12/3/12, w/ Rhonda Rouer:

12/3/12: Dunn's call with father about legal options

12/5/12: Dunn's calls with fiancee & his parents

12/26-27/12: Michael Dunn calls to Rhonda Rouer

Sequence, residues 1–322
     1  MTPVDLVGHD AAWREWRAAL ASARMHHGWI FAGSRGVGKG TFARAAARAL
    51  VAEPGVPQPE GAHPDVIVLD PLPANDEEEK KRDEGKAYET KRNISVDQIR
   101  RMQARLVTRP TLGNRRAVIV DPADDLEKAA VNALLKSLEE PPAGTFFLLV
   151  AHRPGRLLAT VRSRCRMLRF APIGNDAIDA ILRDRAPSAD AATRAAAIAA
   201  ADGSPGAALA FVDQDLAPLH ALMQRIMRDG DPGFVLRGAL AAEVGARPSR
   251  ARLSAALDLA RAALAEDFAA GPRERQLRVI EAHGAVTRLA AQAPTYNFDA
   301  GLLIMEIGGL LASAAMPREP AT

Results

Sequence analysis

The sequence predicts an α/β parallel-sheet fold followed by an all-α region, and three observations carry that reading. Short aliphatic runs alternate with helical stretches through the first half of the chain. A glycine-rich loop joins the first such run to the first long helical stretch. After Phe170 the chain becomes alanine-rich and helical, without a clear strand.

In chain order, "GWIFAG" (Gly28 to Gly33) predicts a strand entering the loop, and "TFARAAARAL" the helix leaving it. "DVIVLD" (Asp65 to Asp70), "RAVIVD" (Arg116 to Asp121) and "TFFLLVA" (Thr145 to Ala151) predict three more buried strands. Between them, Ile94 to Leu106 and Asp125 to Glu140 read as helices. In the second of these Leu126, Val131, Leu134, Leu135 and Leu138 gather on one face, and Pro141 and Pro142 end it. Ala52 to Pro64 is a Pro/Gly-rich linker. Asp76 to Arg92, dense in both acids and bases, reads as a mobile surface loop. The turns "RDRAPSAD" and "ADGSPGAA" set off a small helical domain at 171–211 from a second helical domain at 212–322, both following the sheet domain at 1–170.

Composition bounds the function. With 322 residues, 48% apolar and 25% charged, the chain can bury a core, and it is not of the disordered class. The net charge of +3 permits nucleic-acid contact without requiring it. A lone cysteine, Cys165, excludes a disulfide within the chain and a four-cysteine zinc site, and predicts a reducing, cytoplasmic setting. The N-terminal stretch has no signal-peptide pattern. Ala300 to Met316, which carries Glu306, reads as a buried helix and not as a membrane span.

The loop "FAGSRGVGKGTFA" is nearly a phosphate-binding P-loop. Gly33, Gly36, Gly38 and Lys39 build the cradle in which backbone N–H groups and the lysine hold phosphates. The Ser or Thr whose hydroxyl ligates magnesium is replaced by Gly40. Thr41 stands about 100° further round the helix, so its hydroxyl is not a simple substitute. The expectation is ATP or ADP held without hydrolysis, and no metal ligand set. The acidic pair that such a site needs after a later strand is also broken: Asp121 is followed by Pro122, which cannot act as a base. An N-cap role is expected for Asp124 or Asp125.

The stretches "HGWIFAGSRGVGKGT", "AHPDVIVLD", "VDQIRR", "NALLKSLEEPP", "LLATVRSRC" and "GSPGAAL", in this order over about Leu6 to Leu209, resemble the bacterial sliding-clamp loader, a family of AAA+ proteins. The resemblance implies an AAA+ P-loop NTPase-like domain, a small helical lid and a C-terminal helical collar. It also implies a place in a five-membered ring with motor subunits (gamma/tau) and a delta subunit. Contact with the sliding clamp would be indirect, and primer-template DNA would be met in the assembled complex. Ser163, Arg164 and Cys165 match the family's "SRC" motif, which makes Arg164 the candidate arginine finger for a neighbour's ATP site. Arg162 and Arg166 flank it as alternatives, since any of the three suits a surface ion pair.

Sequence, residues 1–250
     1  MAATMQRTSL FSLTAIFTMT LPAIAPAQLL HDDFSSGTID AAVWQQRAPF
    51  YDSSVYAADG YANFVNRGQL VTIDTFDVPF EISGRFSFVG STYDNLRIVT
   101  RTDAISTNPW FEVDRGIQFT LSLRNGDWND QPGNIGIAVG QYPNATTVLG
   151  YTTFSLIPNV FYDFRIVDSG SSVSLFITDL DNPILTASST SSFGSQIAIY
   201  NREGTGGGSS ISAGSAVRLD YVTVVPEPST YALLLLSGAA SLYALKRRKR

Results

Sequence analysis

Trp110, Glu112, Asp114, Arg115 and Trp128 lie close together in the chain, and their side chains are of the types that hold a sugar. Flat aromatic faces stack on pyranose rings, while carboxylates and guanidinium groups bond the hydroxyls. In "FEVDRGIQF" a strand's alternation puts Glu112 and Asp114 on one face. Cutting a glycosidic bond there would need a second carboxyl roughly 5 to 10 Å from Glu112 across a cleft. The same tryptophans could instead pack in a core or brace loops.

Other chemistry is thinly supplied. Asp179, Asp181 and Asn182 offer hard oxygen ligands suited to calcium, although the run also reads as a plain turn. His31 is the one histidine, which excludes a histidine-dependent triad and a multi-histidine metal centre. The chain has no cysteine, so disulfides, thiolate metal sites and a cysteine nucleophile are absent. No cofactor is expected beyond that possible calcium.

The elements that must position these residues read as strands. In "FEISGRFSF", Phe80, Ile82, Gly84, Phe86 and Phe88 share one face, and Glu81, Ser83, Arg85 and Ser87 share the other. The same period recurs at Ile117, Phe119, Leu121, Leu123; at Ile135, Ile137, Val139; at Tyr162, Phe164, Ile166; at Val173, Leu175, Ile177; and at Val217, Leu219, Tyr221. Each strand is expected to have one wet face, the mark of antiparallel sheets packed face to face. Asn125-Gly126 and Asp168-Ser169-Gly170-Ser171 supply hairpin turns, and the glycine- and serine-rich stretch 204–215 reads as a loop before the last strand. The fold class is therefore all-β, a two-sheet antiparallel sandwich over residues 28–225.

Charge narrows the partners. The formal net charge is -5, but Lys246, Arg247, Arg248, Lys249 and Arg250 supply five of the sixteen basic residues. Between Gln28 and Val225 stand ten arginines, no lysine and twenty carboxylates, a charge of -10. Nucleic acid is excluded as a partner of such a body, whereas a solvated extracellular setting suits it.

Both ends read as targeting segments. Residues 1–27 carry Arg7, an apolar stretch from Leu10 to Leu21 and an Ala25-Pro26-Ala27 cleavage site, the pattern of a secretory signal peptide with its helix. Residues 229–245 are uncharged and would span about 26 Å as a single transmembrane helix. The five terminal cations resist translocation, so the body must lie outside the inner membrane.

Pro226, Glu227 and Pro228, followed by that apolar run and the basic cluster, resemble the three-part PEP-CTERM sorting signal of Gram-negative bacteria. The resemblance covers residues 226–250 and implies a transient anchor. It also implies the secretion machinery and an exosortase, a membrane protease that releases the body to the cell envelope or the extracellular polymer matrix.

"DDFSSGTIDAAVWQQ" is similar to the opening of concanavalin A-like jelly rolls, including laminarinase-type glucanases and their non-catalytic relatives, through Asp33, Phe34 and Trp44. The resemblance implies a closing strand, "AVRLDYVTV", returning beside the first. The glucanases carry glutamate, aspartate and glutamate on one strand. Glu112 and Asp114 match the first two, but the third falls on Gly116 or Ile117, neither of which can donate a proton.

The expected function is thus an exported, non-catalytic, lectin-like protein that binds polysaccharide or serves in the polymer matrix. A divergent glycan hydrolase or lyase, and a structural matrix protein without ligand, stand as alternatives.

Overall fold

UPDATE (2-14): 5:00PM Two questions from the jury. First question involves getting a 30 minute break, Healey of course says yes. Second question more substantive:  Is it permissible for them to agree on several of the charges, but not on other of the charges. Answer is also yes. Verdicts would be rendered on the ones where unanimous agreement, the others would be hung, and State could re-prosecute on any hung charges at their discretion. (As a reminder, there are five indicted charges--Murder 1, three counts of attempted Murder 1, and hurling missiles. Also the jury is free to consider all lesser included charges.) UPDATE (2-14) 9:00AM Court in session. Discussion in court about simply sending jury straight into deliberations, no formal morning greeting in court. Healey: "This is a working group."  Also announced that people will no longer be able to sit in the court room during recess while jury deliberations going on.  People have said it might be possible for people in court room to hear talking from jury deliberations, and vice versa. So 5 minutes before reconvene will allow people back into court room. Healey: "Happy Valentines Day to everybody, we'll see you all when we get some word from the jury." Court recessed. UPDATE (2-14): 8:00AM The jury is scheduled to return to deliberations at 9:00AM.  We'll be covering the events in the court room all day, real-time, right here at this post on Legal Insurrection. UPDATE (2-13): 6:20PM That's it for tonight, no jury decision yet, we start again at 9:00AM US EST tomorrow. Legal Insurrection's live-coverage will be AT THIS PAGE, so bookmark to come back. UPDATE (2-13): 4:30 Court back in session. Jury asking when letter exhibit #201 written? One of Dunn's jail house letters. Court looks through transcript, identifies as June 2013. This is the "Black Friday" letter, though obviously not written that date. Jury now retiring back to jury room. Healey tells all four alternates they'll be held overnight tonight, but tomorrow can be sequestered in hotel room rather than in court house, more comfortable for them. Update (2-13): 2:25PM Jury reports that one set of jury instructions is missing pages 32-41. (Holy cow, that's a lot of instructions.) Weighing the evidence, defendant's statements, rules for deliberations, cautionary instructions, verdict, submitting case to the jury, not substantive discussions. We didn't change any of these from the model instructions.  Just sending back the missing pages. No objections from State or defense. Jurors also requested a dry easel or large paper, which will be sent back to them. Back in recess. UPDATE (2-13): 1:45PMJury asks if they can see "Bendie," the dummy with the trajectory dowels. Normally such demonstrative evidence would not go back to jury.  Healey suggests he'll allow if the defense has no objection. Strolla doesn't initially object, but then turns out that the dowels in Bendie were moved around since last seen in court, no longer representative, so objects.  Bendie won't go back.  Healey writes out explanatory note for bailiff to give to jurors.  Calls jurors into court room, reads them the note, "can't send dummy back because it was demonstrative exhibit for demonstrative purposes, not entered into evidence." Sends them back to continue their deliberations. UPDATE (2-13): 1:20PM Jury asks if they can be provided with the "trajectory-rod dummy."  Problem is, dummy is demonstrative evidence only, normally would not go back to jury room.  State has no objection. Strolla and Dunn discuss briefly in separate room, return and say they also have no objection.  Healey, in abundance of caution, recesses for 15 minutes so case law can be reviewed, ensure they don't inadvertently make a move that could result in reversal. UPDATE (2-13): 11:50AM Defense counsel Cory Strolla speaking to reporters in live feed. UPDATE (2-13): 9:43AM. Healey speaks with the four alternate jurors. They were held over in sequester last night, both from the public and the other jurors. He tells them he's not inclined to keep all them overnight again if there's no verdict again, and is inclined to let one or two of them go home even if no verdict. Seems he'll decide later in the day. UPDATE (2-13): 9:39AM. Healey welcomed the jury back. They were not scheduled to start until 10:00AM, but are present and ready to go, so he is not going to hold them up. Last night they requested the gas station market surveillance video, and this morning they have been provided with that video and instructions on how to play it. Court is now in recess until it receives either another jury instruction or a verdict. (As this update was being typed the juror requested an external monitor on which to view the video.)